Car loan delinquencies dropped over 18% from the fourth quarter of 2009 to the first quarter of this year, according to credit agency TransUnion. The news is good for US car companies which are pushing their way back into the car financing business after the default disasters of the recession cause large losses.
Auto loan delinquencies are measure by those more than 60 days past due.“Information for this analysis is culled quarterly from approximately 27 million anonymous, randomly sampled, individual credit files, representing approximately 10 percent of credit-active U.S. consumers and providing a real-life perspective on how they are managing their credit health.”
A lack of access to credit has been blamed for the fact that domestic car sales have not rebounded more quickly. Banks have been reluctant to offer loans to buyers unless they have high credit scores. The US car companies did not have the balance sheets to re-enter the lending market while Japanese and European firms have been able to use their own financial units to draw customers.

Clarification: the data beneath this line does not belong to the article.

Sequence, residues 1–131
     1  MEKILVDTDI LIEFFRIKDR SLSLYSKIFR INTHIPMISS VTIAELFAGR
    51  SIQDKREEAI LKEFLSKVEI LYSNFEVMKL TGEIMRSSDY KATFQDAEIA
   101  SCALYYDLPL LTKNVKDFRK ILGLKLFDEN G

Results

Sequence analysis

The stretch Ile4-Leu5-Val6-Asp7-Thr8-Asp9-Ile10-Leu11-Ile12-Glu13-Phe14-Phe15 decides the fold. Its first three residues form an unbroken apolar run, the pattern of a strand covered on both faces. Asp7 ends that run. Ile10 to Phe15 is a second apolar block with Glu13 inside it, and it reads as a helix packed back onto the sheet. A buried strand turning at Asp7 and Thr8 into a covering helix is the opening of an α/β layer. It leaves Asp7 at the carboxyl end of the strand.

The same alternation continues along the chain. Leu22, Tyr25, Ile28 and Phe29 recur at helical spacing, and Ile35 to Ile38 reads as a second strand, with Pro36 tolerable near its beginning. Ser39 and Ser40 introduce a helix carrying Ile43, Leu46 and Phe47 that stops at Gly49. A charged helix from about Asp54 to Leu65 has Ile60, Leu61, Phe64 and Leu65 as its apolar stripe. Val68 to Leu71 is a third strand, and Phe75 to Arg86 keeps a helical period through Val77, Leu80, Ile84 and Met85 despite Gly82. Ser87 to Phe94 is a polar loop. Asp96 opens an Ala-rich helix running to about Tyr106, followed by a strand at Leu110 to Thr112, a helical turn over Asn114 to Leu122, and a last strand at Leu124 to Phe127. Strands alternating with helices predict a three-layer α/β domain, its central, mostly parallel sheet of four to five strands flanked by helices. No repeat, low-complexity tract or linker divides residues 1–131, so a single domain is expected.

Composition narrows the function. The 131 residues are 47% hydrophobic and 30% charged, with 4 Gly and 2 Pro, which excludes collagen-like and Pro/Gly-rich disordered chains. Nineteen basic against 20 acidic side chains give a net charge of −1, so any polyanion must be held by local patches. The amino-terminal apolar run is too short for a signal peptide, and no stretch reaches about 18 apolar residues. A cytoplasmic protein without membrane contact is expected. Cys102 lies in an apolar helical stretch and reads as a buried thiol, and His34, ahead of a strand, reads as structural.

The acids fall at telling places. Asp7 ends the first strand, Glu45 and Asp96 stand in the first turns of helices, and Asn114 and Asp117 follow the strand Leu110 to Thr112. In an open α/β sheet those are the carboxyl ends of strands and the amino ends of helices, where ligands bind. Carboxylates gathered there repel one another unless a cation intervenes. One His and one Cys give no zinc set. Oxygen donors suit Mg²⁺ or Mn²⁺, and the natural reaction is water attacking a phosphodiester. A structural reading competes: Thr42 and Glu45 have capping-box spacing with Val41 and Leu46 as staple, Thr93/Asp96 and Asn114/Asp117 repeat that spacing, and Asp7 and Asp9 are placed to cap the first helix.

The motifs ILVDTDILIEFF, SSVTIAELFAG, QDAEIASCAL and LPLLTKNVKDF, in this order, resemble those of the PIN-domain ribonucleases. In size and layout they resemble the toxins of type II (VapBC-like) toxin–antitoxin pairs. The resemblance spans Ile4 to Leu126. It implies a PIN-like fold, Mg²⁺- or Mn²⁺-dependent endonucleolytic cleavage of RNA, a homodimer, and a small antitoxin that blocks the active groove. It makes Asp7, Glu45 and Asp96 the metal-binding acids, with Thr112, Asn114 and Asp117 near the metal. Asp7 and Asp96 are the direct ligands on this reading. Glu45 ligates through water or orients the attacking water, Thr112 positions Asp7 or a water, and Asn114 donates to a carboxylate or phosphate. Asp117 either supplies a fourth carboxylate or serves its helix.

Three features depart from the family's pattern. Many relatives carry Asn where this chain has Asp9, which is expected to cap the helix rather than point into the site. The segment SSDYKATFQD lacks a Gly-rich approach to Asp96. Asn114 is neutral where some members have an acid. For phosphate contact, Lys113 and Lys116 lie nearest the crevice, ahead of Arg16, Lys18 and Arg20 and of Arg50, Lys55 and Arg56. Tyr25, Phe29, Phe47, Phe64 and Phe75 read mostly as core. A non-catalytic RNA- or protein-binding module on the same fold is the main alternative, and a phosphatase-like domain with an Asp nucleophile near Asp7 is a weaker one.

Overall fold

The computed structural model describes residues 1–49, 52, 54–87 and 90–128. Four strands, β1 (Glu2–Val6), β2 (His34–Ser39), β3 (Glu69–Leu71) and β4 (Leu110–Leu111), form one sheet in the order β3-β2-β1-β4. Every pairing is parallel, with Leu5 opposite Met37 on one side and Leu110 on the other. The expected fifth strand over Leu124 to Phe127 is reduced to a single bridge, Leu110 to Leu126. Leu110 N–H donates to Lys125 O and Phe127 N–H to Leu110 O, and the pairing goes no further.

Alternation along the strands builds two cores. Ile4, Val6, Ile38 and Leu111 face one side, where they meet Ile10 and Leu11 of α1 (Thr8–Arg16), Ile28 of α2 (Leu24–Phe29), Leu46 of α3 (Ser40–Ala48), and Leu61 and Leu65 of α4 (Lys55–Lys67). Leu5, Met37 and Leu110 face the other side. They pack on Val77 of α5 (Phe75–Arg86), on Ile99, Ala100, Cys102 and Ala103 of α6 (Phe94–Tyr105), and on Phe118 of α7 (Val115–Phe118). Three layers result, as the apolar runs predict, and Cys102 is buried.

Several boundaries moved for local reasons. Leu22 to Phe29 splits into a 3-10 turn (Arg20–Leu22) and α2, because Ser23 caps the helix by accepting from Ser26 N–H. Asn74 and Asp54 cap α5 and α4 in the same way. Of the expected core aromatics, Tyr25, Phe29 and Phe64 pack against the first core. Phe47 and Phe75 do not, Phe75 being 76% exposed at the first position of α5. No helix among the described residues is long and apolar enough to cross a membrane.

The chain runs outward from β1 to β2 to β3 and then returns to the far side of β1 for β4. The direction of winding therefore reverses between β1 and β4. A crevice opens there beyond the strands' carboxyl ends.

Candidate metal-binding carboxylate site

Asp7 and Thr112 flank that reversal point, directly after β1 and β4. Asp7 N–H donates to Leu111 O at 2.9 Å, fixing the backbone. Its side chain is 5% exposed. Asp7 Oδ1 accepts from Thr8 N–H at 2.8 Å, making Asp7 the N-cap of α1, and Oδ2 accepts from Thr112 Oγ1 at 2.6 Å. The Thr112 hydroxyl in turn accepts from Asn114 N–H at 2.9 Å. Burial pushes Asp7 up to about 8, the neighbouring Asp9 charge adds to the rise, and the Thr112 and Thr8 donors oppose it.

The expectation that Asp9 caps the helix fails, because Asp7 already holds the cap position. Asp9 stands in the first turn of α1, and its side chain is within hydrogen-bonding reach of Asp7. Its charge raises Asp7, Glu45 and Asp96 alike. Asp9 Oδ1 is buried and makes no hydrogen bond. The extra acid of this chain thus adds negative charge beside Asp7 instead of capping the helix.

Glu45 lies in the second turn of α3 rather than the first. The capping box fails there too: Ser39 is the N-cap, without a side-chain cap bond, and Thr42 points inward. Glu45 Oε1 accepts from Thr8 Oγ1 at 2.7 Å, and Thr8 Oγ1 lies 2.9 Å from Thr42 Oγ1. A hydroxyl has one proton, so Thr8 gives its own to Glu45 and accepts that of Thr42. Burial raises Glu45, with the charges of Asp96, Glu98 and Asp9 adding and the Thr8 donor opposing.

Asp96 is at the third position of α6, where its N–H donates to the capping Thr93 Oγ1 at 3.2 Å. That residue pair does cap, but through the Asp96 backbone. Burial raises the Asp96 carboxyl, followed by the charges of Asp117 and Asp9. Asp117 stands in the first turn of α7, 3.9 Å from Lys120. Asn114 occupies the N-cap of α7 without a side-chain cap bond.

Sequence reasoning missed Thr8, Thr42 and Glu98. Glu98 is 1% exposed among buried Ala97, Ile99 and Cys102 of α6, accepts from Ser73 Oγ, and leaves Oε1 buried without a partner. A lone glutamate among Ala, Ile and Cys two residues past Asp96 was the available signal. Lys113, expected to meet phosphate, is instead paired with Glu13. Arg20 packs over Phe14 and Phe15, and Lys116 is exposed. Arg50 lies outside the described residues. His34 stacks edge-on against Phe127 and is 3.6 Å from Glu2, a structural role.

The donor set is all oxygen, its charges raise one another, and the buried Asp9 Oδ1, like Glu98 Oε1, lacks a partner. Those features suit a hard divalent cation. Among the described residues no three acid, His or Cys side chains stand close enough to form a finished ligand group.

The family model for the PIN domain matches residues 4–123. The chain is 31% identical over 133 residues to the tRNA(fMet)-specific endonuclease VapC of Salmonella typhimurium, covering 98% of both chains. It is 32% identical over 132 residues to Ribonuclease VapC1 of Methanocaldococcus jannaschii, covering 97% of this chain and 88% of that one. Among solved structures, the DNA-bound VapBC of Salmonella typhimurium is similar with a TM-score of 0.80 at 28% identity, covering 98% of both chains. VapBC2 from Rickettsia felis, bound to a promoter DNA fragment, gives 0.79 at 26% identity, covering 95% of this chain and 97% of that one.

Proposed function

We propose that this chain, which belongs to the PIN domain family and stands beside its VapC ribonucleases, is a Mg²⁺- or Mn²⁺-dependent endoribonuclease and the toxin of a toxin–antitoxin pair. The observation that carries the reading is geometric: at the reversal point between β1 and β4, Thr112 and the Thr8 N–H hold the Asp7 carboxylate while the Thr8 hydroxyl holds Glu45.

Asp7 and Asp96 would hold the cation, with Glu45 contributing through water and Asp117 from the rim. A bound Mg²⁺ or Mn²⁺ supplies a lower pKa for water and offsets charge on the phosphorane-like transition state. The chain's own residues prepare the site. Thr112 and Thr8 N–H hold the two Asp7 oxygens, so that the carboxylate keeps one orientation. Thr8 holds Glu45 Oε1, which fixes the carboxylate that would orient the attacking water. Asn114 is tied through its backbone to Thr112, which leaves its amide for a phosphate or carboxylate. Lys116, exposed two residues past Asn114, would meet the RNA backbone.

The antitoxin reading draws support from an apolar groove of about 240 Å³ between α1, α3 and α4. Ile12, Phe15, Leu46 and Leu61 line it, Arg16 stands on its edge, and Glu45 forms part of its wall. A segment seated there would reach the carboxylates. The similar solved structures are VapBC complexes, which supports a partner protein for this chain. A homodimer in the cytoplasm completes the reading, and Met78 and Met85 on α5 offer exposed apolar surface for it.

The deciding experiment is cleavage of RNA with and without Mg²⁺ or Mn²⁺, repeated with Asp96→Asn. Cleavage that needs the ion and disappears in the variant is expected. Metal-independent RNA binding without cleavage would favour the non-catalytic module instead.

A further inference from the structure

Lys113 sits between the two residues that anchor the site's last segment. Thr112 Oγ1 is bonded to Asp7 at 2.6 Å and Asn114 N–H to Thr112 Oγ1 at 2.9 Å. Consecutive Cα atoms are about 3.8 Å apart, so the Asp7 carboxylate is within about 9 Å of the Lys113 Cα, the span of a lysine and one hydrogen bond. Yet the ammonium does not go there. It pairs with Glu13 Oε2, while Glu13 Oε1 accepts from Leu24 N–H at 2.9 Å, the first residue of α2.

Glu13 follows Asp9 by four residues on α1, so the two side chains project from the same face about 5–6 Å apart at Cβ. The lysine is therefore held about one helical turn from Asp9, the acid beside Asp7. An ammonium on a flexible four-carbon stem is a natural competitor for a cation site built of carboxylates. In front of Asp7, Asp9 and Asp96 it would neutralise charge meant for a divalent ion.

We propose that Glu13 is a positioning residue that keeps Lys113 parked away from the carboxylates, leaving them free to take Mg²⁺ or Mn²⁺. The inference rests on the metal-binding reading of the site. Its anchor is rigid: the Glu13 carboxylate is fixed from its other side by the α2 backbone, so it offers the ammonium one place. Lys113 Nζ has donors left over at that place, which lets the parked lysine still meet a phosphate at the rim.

The news is also another indication that the consumer leverage trouble that helped cause the 2008 economic collapse is ending. There is already evidence from credit rating agencies and card companies like Visa (NYSE: V), MasterCard (NYSE MA), and American Express (NYSE: AXP) that charge-offs of bad consumer loans are falling. The trend has also helped the return of shoppers to retail outlets.
Car loans have liens on the vehicles which they cover. Since auto values drop almost 30% in the first year after sales, the cars are not ideal collateral. That makes the improvement in delinquencies even more important.
Douglas A. McIntyre